Help do the research. "Our biggest challenge is getting clients to commit to measuring return-on-investment," says Rob Felber, president of Felber & Felber, a marketing firm in Twinsburg, Ohio. "They forget to ask, 'How did you hear of us?' They let their systems break down, and at the end of the day, they don't know if the marketing worked or not."
Follow up to remind clients to do what you've been consulting them to do, or create a software program or website to measure their progress. If you can't create a program, recommend software or a website such as NetSuite or CisionPoint Advanced Analytics Dashboard, which specializes in measuring ROI.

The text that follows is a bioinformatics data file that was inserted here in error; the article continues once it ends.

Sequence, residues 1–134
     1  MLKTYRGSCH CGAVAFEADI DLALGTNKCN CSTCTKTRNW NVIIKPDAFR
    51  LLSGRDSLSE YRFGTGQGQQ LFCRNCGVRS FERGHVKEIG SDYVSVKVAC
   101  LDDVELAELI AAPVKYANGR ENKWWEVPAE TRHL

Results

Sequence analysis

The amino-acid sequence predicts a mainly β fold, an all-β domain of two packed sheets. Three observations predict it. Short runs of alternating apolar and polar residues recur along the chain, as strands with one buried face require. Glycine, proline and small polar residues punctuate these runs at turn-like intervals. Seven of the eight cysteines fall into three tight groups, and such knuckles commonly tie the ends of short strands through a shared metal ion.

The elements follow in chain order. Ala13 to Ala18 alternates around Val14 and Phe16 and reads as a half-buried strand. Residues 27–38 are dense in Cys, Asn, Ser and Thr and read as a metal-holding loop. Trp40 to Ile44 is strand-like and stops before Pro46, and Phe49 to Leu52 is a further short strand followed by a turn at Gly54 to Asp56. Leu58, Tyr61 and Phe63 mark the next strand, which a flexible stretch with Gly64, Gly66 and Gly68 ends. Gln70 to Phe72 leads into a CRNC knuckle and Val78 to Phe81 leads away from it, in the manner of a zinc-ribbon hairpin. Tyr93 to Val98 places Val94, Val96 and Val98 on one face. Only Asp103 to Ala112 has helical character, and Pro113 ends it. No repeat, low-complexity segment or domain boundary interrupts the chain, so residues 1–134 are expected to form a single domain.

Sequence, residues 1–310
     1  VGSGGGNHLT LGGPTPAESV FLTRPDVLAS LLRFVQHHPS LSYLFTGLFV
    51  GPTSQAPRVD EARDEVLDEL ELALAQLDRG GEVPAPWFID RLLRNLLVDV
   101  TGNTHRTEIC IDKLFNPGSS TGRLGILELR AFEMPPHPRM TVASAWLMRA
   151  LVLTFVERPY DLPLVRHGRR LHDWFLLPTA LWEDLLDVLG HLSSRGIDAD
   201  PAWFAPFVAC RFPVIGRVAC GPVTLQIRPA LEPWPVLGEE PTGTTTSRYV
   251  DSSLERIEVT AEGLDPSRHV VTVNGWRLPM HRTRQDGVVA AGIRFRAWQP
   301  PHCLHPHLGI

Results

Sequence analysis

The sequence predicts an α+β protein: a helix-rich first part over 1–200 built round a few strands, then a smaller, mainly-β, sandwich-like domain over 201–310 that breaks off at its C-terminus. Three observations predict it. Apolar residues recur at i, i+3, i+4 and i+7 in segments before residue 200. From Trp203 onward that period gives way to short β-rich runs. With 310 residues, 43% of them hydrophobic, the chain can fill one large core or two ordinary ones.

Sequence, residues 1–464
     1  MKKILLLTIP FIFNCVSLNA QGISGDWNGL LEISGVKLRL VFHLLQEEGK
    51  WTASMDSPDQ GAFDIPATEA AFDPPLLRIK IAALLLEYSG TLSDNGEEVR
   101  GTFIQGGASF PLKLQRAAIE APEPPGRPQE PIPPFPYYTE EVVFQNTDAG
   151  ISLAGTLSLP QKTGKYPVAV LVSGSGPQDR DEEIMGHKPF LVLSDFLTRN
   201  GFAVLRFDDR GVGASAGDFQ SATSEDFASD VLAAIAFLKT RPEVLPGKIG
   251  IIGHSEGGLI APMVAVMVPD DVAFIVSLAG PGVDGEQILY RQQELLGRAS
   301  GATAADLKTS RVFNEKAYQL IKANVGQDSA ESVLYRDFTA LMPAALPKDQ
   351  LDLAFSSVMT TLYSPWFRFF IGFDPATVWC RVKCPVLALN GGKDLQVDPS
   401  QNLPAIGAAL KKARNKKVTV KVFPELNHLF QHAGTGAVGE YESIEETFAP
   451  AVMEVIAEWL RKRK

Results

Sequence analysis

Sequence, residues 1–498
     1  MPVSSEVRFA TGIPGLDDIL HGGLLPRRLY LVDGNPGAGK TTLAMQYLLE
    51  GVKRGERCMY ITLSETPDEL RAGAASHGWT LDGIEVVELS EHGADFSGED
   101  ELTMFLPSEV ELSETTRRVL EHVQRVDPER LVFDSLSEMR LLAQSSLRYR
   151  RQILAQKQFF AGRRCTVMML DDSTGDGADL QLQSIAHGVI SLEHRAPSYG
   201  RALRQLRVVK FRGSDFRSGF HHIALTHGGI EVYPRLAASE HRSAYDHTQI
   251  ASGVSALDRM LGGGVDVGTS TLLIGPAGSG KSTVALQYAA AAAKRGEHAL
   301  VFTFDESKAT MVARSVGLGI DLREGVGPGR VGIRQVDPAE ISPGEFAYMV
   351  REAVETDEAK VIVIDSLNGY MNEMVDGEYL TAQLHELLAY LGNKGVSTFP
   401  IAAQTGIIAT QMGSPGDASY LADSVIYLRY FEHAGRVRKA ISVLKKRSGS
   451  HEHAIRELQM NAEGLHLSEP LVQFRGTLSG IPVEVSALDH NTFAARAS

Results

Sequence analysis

Help your customers' clients. As Ron Price, a Nampa, Idaho, business consultant, says: "Customers are the ultimate source of ROI, and if you can help your clients create raving fans, the ROI goes sky high." If you see your client growing, consider nominating them for an industry award. If your client wins, you'll be linked to the victory. If not, they'll still be grateful you put them forward.
Change your business model. Dick Grove of Ink Inc. in Kansas City, Mo., made his PR company a pay-for-results firm since founding it in 1997: Clients pony up only when they get media coverage, and if the exposure is small, the client pays less. Â